The Philippine National Police is now 31 years old.
Before the PNP, we had the PC/INP with Philippine Constabulary as the national police force and all the local police forces under it till 1992.
To the public, the transition from the Constabulary-led police force to the PNP might have been just business as usual but there is actually a huge difference between the two if the public wants to understand better how the PNP currently operates.
Although we now have a national police force that is civilian in character unlike the Constabulary which was essentially a military organization, the PNP has never really gotten rid of its military orientation and culture.
This matters when we talk of the concept of Esprit de Corps, unit cohesion and loyalty and want to analyze and understand the recent instruction given by PNP General Benjamin Acorda Jr to his subordinates when he was appointed as PNP Chief.
It takes 100 years to develop a tradition as we often hear.
Thirty-one years of the PNP is therefore not enough to have built a civilian police culture in the PNP.
This is partly because the PNP is still being run by the last remaining military officers who began their careers in the Constabulary.
Even if all the Philippine Military Academy graduates are retired, it is doubtful whether the PNP will become truly a civilian organization, given that the PNP Academy is a clone of the PMA.
Let us hope, however, the PNP will eventually become truly ‘civilianized.’
When that will happen is hard to say but will largely depend whether along the line the PNP gets a leader that is far sighted with the vision to get the PNP to follow what the Constitution wants.
Over the last 25 years, every PNP officer appointed PNP Chief comes out with grand statements to inform the public on how he intends to improve the PNP. General Benjamin Acorda Jr did just that and added more plans during last Monday’s flag ceremony in Camp Crame.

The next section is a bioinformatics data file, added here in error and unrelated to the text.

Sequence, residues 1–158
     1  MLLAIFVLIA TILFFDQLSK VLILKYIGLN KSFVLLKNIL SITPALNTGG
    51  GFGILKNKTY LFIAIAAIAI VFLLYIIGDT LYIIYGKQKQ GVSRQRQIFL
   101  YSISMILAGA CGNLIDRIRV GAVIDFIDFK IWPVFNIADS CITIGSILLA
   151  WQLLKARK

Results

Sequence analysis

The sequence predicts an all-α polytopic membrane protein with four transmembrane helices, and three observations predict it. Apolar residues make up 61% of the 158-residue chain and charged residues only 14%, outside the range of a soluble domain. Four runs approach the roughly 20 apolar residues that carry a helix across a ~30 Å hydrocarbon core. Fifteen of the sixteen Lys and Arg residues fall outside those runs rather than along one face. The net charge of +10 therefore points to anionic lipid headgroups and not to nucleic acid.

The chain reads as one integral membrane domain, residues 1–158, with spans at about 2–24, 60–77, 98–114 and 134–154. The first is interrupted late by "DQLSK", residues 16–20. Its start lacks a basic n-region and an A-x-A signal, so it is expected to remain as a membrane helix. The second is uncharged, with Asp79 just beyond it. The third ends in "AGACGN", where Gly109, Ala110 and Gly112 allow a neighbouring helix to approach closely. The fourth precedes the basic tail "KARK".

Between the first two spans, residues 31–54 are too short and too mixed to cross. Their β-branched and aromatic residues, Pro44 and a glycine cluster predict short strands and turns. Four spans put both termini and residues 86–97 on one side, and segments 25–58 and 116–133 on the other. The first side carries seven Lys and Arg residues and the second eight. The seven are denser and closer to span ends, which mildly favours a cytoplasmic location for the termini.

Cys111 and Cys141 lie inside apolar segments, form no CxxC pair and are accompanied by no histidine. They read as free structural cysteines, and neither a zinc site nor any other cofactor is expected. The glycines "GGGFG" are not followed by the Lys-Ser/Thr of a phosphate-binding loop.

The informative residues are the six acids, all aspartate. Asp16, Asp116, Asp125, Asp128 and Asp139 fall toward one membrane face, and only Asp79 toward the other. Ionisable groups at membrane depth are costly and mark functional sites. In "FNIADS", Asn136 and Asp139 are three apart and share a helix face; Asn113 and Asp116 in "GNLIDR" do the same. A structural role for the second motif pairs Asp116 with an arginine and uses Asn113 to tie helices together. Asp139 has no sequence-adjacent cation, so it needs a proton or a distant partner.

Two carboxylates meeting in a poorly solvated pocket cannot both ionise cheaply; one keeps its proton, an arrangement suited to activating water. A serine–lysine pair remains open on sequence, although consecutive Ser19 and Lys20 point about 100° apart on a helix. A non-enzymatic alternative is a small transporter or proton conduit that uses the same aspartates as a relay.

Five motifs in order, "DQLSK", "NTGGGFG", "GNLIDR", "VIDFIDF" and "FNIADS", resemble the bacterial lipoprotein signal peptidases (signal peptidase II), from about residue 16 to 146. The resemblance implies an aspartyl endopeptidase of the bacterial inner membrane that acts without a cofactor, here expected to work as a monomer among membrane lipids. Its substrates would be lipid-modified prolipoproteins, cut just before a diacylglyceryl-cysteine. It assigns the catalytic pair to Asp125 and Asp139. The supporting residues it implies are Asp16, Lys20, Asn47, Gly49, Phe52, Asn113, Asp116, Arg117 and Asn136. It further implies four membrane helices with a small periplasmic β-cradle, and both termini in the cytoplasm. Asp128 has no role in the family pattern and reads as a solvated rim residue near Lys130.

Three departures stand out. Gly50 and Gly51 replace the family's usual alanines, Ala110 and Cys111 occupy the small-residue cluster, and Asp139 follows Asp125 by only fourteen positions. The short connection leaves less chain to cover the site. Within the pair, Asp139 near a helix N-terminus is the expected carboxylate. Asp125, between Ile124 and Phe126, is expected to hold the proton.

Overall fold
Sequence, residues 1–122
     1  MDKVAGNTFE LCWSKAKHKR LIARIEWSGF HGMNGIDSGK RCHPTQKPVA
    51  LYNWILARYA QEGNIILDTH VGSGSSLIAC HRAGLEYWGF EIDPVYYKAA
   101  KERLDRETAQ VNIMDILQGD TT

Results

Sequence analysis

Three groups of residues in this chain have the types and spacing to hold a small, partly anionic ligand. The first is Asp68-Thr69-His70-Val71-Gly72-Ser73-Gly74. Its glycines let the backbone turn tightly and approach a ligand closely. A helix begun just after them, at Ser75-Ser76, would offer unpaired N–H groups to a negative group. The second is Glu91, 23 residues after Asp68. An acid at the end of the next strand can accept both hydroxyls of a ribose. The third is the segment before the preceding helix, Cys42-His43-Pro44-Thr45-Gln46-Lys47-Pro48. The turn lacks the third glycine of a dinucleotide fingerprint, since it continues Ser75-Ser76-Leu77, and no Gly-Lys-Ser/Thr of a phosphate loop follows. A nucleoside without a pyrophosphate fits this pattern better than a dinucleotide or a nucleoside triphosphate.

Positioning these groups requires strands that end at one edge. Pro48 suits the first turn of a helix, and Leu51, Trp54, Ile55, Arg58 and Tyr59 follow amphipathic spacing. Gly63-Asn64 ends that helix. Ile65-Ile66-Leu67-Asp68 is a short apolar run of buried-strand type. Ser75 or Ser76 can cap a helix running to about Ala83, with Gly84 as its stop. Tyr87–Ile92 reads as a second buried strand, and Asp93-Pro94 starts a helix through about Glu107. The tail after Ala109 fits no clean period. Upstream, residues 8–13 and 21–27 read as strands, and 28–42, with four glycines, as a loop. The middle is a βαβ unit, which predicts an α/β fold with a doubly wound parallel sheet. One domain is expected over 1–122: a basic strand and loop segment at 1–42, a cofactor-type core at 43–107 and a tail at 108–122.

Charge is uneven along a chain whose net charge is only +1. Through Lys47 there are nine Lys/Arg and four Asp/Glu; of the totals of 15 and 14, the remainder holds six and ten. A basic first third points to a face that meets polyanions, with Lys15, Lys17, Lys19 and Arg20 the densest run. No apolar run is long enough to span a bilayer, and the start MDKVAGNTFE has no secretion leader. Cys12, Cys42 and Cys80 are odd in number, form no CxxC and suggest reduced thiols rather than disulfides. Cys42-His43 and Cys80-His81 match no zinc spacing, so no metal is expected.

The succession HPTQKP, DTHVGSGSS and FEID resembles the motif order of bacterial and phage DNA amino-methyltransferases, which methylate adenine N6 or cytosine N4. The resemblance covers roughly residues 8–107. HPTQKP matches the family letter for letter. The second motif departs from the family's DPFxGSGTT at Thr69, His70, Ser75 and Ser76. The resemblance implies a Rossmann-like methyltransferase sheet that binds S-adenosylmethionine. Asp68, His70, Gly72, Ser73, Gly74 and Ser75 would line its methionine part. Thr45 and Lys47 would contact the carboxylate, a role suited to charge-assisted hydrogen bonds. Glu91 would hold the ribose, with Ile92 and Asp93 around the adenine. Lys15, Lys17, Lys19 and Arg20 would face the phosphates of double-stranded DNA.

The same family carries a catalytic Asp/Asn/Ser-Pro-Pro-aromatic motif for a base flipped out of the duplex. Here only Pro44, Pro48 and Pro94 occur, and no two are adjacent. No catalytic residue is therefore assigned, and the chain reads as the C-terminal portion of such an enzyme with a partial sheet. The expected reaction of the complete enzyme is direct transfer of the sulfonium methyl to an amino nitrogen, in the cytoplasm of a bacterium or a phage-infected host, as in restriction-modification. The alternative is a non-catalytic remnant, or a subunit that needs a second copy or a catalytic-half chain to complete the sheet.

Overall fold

Another thing that he did, however, that was different from all his predecessors was to tell his subordinate officers particularly the junior officers to document all illegal activities of their superiors and report these directly to him or something to that effect.
This is apparently his attempt like so many other attempts in the past to grapple with the issue of scalawags in uniform.
And having been the erstwhile Chief of Intelligence of the PNP, he wants to use counter intelligence to do battle with corrupt police personnel.
I am sure the intention of General Acorda is good.
But as a friendly advice, he should rethink this carefully and be extremely cautious.
He should bear in mind that many roads are paved with good intentions that do not always end the way they are intended.
Sometimes, it could actually make matters worse.
Besides, he should consider how long he will be at the helm of the PNP and whether he has the time to accomplish all that he has in mind with the time allotted to him as PNP Chief.
Considering that length of time of his tenure, it might well be all over before he can even warm his seat. So, he must be realistic on what he hopes to leave behind as his legacy.
Part of the problem here is that unlike in the AFP wherein the tenure of the Chief of Staff is now fixed by law, such is not the case with the PNP.
Perhaps, he may want to spearhead an effort for Congress to pass a similar law and leave that as his legacy.
But let us go back to General Acorda’s advice to subordinate officers.
Why is this not such a good idea?
Because his instructions have the real potential of affecting the long cherished concept of Esprit de Corps and loyalty that has been inculcated in the mind of every service personnel.
Such instructions could destroy the trust that exist within a unit.
A command cannot function effectively if everybody cannot trust the people one is working with.
No one wants to be looking over his shoulders every time one wants to do something for fear of being reported.
Unit cohesion can be negatively impacted if this becomes a standard operating procedure.
The current administrative structure that deals with infractions is enough to handle disciplinary and administrative investigations if done efficiently as it should be. There is no need to take extraordinary measures to find out who are the scalawags in uniform because many of these people are actually already known in the service.
All that has to be done is initiate the proper investigation.
Problem is, it takes a big scandal similar to what happened to that P6.7B drug haul to spark action.
Discipline and professionalism together with leadership by example is really the better way to tackle problems of this nature.
But as we can see, it is hard to resist temptations especially if one is preparing for retirement.
That is why there is a need to concentrate on eradicating the culture within the uniformed service that allows infractions to go unpunished.
As an old hand, I would advise the good General to withdraw or rethink his instructions to junior officers to report on their superiors before it does irreparable damage to the service that we all — active and retired personnel – care for so much.